N.J. shuts down 4 charter schools for poor performance

By Adam Clark | NJ Advance Media for NJ.com
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on March 01, 2017

 

 

TRENTON -- The state has ordered three low-performing charter schools in Newark and one in Camden to close at the end of this school year, bringing the total number of failed charter schools to 20 under the Christie administration. 

The three Newark schools -- Newark Prep Charter School, Paulo Friere Charter School and Merit Prep Charter School -- had all been on probation for academic problems. Upon further review, the state Department of Education decided to close the schools, it announced Wednesday. 

The fourth school, Camden Community Charter School, was slated to have its charter renewed this year. It was the only one of 22 renewal applications that got rejected and was denied because of poor academic performance, according to the state.

"All New Jersey public schools, which include charter schools, must be held to a high standard in order to ensure that all of our children receive the quality educational experiences they deserve," Acting Education Commissioner Kimberley Harrington said. "These decisions reflect this Administration's continued commitment to hold low-performing charter schools accountable.

Jeff Kwitowski, a spokesman for K12 Inc., which provides curriculum and school programs for Newark Prep, said the school had already fixed some problems highlighted by the state and was working to correct others. 

"School officials had multiple conversations and several site visits with department officials over the past couple months, and no indication was given that the department was planning to close the school," Kwitowski said. "This has come as quite a shock."

Amanda Vega-Malinowski, communications director for the New Jersey Charter Schools Association, said the group would support the schools slated for closure.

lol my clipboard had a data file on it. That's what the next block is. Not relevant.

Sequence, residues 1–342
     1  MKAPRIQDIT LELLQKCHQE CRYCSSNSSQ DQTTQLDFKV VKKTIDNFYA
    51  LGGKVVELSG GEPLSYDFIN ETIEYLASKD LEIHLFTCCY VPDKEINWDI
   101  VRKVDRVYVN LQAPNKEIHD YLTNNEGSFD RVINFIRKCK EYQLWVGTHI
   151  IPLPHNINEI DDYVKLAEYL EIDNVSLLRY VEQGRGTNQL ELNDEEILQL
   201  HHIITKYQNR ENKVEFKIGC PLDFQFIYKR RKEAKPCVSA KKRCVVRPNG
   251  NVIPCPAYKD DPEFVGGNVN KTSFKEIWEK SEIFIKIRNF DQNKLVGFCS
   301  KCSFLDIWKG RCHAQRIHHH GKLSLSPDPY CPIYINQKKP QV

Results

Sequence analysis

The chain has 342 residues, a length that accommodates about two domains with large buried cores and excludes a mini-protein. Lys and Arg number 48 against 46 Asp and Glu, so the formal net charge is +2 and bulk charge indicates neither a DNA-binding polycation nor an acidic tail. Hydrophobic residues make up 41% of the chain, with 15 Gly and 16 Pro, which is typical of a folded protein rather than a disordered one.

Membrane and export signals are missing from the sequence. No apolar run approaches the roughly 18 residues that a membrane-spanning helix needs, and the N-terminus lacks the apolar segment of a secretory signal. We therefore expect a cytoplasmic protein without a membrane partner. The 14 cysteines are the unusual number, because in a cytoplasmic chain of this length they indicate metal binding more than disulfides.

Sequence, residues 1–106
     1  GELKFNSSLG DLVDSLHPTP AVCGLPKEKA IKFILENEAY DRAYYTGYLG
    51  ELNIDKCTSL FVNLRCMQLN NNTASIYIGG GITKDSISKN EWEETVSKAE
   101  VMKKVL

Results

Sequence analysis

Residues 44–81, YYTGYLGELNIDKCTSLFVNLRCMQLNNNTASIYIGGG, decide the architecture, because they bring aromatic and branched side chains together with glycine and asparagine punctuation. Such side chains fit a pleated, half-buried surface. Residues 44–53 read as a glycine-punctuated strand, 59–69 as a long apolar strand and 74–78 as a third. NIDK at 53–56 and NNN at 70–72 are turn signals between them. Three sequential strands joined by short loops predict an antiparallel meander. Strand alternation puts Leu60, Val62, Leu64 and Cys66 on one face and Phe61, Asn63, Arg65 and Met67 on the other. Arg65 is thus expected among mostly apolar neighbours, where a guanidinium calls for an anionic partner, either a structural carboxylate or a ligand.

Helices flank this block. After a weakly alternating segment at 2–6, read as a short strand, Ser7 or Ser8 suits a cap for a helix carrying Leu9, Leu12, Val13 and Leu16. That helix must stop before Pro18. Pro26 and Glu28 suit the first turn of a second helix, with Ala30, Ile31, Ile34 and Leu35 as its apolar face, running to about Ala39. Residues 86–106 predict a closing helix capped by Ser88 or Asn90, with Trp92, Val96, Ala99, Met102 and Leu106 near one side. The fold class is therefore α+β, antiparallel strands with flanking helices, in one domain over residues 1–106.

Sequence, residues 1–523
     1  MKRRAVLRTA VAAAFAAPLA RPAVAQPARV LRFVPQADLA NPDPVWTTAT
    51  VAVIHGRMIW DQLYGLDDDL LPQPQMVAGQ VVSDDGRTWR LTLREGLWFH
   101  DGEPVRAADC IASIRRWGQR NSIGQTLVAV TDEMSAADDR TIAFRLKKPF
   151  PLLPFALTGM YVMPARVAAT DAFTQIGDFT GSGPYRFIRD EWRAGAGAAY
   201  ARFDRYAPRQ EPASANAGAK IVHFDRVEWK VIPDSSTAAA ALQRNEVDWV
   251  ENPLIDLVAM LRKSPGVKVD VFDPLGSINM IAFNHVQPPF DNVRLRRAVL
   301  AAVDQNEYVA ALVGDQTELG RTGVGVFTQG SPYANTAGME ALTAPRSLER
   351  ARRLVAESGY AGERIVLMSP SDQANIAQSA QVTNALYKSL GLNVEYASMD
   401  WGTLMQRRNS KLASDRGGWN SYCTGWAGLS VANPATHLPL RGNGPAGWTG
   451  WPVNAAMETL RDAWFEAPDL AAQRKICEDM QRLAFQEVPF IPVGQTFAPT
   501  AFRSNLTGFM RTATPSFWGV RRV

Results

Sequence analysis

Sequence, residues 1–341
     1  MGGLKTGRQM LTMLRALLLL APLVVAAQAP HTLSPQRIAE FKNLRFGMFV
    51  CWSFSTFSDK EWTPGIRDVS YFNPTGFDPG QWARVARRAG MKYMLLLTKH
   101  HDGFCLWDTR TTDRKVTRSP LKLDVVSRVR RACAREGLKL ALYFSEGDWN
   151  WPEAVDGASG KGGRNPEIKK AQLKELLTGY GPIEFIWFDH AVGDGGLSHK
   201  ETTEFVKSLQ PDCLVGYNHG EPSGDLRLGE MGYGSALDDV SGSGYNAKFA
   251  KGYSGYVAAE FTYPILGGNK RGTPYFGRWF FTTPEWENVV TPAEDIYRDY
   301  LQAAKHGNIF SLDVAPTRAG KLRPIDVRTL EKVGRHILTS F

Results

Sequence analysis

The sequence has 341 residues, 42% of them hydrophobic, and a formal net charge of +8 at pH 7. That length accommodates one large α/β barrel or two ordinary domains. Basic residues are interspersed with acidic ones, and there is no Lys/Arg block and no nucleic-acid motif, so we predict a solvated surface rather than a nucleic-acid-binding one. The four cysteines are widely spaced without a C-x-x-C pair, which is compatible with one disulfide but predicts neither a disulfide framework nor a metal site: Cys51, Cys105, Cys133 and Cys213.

"While it is disheartening to see any child's education be disrupted, charter schools are opened to provide a high-quality, performance-based education to every student," Vega-Malinowski said. "Closure is the ultimate test of accountability."

The closures were announced along with the rejection of all four applications for new charter schools that had made it to the final round of consideration. However, the Christie administration also approved the expansion of 22 existing charter schools, adding hundreds of new charter school seats across the state. 

A school choice advocate, Christie has described charter schools, which are public but operate separately from traditional school districts, as "salvation for families," especially those in urban districts. He's set goals for expanding charter school enrollment and proposed a charter school deregulation plan currently pending before the state Board of Education. 

Though Christie often praises charter schools for outperforming public schools, his administration had already closed 16 charter schools prior to Wednesday. New Jersey began this school year with 88 charter schools. 

The expansions approved Wednesday came after many charter schools made a push to win approval before Christie leaves office.

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